The genomes of 16 Anopheles mosquito species have been sequenced and compared, providing new insights into the dynamic evolution of Anopheles and adding substantially to the research arsenal against malaria and other vector-borne diseases.
An international team of scientists has sequenced the genomes of 16 Anopheles mosquito species from around the world, some of which are notorious for transmitting malaria. Published in Science, the results provide important insights into the dynamic evolution of these vectors. The annotated datasets are freely available in VectorBase, a consortium involving the University of Notre Dame, Imperial College London and the European Bioinformatics Institute (EMBL-EBI).
Some species of Anopheles mosquito transmit parasites that cause malaria in approximately 200 million people every year. However, the vast majority of Anopheles species are merely annoying. The researchers mapped genetic differences between deadly vector species such as Anopheles gambiae and their harmless cousins. The results provide a genetic basis for understanding how these mosquitos adapt so quickly to new environments.
The capacity of a vector to transmit malaria is determined by many factors, including feeding practice, breeding preferences and immune response. In 2002 the Anopheles gambiae genome sequence provided the basis for many large-scale studies that have since shown how this species adapted to live amongst and feed upon humans. But the sequencing data published today will allow scientists to compare many species and identify crucial genetic differences.
“We selected species from Africa, Asia, Europe, and Latin America that represent a range of evolutionary distances from Anopheles gambiae, a variety of ecological conditions, and varying degrees of vectorial capacity,” said lead investigator Nora Besansky, Professor of Biological Sciences at the University of Notre Dame.
The samples were obtained from mosquito colonies maintained at the United States Centres for Disease Control and Prevention, and wild-caught or laboratory-reared mosquitoes from scientists in Africa, India, Iran, Melanesia and Southeast Asia.
“Getting enough high-quality DNA samples for all species was a challenging process, and we had to design and apply novel strategies to overcome the difficulties associated with high levels of DNA sequence variations – especially from the wild-caught sample,” said Daniel Neafsey of the Broad Institute, who oversaw the sequencing efforts.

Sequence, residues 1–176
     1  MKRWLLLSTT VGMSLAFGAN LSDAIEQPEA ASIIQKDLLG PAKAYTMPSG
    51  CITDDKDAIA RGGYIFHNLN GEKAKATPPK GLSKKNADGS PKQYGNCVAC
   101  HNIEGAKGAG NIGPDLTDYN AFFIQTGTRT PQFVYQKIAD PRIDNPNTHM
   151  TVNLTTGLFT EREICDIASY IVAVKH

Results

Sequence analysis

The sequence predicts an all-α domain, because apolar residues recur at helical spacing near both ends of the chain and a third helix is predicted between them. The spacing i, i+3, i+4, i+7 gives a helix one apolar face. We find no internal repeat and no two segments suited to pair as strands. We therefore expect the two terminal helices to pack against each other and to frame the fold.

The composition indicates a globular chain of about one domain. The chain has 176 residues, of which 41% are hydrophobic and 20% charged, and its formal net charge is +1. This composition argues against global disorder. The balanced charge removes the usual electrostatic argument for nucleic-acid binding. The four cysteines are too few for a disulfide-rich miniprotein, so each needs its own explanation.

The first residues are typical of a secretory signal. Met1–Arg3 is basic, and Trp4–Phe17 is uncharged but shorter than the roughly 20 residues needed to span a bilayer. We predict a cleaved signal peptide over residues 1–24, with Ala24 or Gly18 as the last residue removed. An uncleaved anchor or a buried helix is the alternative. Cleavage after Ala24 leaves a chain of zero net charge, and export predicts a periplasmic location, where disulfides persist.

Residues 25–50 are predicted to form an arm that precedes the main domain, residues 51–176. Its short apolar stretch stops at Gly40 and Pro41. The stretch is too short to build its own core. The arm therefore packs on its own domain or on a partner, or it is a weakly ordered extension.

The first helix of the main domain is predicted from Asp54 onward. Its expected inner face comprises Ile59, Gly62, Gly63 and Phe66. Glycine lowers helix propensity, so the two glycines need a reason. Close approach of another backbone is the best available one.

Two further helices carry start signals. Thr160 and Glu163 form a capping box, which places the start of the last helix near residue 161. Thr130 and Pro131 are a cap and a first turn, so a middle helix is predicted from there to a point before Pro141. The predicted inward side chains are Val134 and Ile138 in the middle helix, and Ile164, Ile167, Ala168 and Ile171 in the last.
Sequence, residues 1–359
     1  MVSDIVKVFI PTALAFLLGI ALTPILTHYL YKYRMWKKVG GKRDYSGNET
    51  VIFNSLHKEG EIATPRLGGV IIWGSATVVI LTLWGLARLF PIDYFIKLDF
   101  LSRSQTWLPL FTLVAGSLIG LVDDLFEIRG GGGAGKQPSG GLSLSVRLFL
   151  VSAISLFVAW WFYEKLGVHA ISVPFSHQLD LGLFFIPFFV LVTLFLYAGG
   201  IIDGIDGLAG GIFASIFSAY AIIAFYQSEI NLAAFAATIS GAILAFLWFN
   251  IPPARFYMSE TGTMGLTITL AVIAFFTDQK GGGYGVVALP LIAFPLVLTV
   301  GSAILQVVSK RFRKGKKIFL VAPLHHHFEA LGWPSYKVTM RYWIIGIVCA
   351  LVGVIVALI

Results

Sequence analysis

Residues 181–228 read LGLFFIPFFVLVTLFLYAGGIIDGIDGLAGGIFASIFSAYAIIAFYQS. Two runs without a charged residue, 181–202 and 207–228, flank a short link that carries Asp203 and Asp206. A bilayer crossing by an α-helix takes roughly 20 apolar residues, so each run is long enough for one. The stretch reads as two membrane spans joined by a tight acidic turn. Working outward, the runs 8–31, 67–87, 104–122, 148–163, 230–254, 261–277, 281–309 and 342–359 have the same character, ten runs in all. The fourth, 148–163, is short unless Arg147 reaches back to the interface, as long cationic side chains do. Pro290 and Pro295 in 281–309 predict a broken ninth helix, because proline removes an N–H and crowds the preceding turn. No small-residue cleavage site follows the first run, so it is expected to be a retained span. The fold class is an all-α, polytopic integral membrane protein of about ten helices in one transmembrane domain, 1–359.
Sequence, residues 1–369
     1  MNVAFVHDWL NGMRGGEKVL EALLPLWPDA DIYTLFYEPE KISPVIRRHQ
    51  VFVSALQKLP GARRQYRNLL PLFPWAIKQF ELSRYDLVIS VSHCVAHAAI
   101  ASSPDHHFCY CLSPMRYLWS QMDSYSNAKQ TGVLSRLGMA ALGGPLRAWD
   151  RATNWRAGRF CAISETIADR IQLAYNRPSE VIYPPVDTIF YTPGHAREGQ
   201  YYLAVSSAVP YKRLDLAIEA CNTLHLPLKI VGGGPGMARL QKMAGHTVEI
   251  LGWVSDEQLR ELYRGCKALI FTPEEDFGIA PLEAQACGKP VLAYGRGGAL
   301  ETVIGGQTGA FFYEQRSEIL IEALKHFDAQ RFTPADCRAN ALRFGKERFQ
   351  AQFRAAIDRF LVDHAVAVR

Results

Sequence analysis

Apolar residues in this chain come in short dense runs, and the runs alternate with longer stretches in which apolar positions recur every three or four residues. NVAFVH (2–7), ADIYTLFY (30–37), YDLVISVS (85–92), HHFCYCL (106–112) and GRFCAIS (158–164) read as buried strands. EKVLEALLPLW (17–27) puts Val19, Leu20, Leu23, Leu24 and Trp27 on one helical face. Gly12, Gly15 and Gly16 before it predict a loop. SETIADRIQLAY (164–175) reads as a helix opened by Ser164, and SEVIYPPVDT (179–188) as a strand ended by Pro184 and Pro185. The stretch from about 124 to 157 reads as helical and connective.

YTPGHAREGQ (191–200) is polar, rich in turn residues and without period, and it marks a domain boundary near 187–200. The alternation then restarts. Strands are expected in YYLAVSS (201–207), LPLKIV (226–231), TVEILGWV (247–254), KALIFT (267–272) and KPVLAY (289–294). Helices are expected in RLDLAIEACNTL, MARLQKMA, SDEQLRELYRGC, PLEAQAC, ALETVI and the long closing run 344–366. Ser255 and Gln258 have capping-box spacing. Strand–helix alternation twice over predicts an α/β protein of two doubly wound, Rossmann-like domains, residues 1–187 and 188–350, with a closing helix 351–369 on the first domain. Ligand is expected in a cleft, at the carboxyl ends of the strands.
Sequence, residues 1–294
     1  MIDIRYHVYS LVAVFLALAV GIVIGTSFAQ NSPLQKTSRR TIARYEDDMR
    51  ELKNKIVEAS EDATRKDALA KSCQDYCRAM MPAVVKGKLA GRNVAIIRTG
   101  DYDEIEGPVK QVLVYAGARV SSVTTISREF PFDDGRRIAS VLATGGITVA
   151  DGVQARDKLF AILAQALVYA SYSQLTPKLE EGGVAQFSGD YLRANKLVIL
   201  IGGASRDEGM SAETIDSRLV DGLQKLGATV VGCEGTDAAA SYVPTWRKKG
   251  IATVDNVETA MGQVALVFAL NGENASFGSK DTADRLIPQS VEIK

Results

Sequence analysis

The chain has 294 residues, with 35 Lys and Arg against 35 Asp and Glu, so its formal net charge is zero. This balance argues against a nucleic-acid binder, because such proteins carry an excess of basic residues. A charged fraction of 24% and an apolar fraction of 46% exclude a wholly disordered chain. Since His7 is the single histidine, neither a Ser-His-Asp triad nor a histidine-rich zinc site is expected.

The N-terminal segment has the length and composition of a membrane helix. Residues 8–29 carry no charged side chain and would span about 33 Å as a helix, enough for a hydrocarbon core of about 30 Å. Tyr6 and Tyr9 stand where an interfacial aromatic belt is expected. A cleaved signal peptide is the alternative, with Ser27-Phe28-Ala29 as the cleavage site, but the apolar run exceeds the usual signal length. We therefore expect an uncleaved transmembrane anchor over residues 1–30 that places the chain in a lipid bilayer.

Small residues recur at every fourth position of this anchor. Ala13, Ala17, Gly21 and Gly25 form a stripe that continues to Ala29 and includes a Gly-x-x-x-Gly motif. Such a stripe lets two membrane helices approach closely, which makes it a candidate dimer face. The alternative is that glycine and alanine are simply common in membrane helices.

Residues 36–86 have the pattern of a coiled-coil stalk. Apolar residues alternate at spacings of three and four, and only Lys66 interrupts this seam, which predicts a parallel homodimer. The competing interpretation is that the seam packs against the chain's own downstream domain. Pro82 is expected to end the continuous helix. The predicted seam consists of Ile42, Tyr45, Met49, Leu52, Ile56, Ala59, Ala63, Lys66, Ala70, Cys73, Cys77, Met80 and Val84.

“We used similarities to genes from Anopheles gambiae and other well-studied organisms such as the fruit fly to learn about the possible functions of the thousands of new genes found in each of the Anopheles genomes,” said Robert Waterhouse of the University of Geneva Medical School and SIB-Swiss Institute of Bioinformatics.
This will be of great use to data-hungry malaria biologists.
Scientists from the VectorBase group at EMBL-EBI performed genome annotation to identify both protein-coding and non-coding RNA genes.
“We need to assign functions to the genes we’ve identified,” explains Dan Lawson, VectorBase project leader at EMBL-EBI. “To start that process, we combined our new knowledge of genetic similarities between Anopheles species with our knowledge of the functions of similar genes in well-studied organisms such as the fruit fly.”
Examining gene evolution across the Anopheles revealed high rates of gene gain and loss, about five times higher than in fruit flies. Some genes, such as those that encode proteins secreted into the mosquito saliva, are only found in subsets of the most closely related species. These dynamic changes may offer clues to understanding why some Anopheles can only survive in brackish water while others require fresh water, or why one species is attracted to livestock while another will only feed on humans.
“These data provide an incredible platform for building a rich knowledge base,” says Paul Kersey, head of Non-vertebrate Genomics resources at EMBL-EBI. “This will be of great use to data-hungry malaria biologists. Anyone can use the data, which are freely available in VectorBase, and contribute their expertise and knowledge to a resource of great utility to public health.”